AP Photo/Ted S. Warren

The way the United States operates is probably not quite what our Founding Fathers envisioned. For example, we know they weren’t fond of political parties…then promptly created political parties. They were big on freedom, then promptly restricted it.

It’s been pretty much downhill since then in a lot of ways.

One thing we know they wanted, though, was a fairly weak federal government and strong state governments. They wanted states to set their own laws, by and large. That also means they likely would have favored states nullifying certain extraconstitutional laws.

So, they’d be pretty happy with a Missouri proposal.

The Show Me State has made headlines in recent years for its aggressive support of Second Amendment rights, but the legislature is now considering the ultimate protection: nullification. The Missouri legislature has reintroduced a bill that would nullify all federal gun control laws within the state and bars state agencies from employing any federal law enforcement official who tries to enforce said laws.

The Missouri House and Senate passed a similar piece of legislation in 2014, but then-Democratic Gov. Jeremiah Wilson “Jay” Nixon vetoed it. Now that a Republican holds the governor’s mansion in Jefferson City, Missouri may well become the first state to bar enforcement of laws that restrict its citizens’ gun rights.

The bill’s authors point out that even though the state governments granted supremacy to the Constitution, respect for the federal government does not require “unlimited submission.” The bill specifies in detail all the types of federal laws and statues that will be null and void within Missouri’s borders and takes thinly veiled shots at NFA tax stamps and firearms registries.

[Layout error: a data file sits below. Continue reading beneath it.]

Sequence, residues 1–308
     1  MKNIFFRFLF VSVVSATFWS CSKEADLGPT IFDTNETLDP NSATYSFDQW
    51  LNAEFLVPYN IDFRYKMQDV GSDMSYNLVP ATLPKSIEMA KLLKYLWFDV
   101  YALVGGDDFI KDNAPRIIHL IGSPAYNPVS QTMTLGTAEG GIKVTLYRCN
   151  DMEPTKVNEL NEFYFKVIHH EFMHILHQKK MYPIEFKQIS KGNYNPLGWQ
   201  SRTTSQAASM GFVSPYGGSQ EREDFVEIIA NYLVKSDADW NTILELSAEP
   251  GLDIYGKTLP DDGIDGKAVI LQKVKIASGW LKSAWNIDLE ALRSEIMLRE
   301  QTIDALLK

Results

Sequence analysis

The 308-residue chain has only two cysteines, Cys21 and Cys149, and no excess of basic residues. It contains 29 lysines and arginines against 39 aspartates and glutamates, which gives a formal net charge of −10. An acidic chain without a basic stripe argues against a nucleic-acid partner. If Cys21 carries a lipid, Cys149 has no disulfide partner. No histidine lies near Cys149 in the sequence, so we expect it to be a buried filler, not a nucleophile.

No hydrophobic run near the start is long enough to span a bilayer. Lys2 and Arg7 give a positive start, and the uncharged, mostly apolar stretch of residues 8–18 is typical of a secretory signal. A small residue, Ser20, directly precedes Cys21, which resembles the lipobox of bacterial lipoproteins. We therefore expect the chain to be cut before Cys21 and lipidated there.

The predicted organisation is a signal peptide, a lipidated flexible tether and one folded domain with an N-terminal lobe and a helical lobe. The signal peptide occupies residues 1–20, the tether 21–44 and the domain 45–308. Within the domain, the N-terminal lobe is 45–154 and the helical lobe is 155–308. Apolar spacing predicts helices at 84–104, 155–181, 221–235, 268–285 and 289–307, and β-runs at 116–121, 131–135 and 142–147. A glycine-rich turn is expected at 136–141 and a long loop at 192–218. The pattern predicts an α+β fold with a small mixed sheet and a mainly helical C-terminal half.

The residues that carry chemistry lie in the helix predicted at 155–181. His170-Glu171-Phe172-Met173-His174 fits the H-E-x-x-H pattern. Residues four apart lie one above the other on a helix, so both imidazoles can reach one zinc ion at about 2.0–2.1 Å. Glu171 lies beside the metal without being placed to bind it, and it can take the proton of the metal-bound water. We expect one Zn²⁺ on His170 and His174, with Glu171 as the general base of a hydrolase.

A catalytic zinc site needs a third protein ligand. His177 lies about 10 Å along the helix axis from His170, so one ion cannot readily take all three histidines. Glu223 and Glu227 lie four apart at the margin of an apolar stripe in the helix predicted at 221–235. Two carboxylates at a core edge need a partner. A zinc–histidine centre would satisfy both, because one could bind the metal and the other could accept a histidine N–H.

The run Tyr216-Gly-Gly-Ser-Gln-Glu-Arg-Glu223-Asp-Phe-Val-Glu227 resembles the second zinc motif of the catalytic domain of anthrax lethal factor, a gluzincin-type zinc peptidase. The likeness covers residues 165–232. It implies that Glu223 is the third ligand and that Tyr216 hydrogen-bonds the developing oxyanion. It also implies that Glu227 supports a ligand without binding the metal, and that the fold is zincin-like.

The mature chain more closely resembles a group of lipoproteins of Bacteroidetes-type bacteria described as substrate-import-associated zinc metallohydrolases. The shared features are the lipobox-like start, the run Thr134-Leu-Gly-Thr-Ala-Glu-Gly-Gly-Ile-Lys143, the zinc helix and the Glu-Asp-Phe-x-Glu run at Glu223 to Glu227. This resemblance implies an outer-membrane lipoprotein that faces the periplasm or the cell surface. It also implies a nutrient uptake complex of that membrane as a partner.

All kinds of federal gun control laws will be void, including:

  • Any tax, levy, fee, or stamp imposed on firearms, firearm accessories, or ammunition not common to all other goods and services which might reasonably be expected to create a chilling effect on the purchase or ownership of those items by law-abiding citizens;
  • Any registering or tracking of firearms, firearm accessories, or ammunition which might reasonably be expected to create a chilling effect on the purchase or ownership of those items by law-abiding citizens;
  • Any registering or tracking of the owners of firearms, firearm accessories, or ammunition which might reasonably be expected to create a chilling effect on the purchase or ownership of those items by law-abiding citizens;
  • Any act forbidding the possession, ownership, or use or transfer of a firearm, firearm accessory, or ammunition by law-abiding citizens; and
  • Any act ordering the confiscation of firearms, firearm accessories, or ammunition from law-abiding citizens.

It’s pointed out that should the bill pass, there will be a lot of legal scrutiny on this. That’s not exactly surprising.

What would be surprising is if the law would be permitted to stand.

Don’t get me wrong; I love it. I want it to stand. Hell, it might be enough to convince me to relocate to Missouri if it does–well, that and a state looking at requiring everyone have an AR-15–but I’m not convinced it will.

Keep in mind how rare it is to see a constitutional absolutist on the bench in pretty much any court. Even Justice Scalia who was such a staunch supporter of the Constitution wrote that some restrictions on the Second Amendment were reasonable. If that’s the case, then just who is going to hear a case like this and allow it to stand?

That’s a shame, though. I want this to become the norm.

What I will say is that Missouri is making a bid to be the most pro-gun state in the nation with stuff like this. Good for them.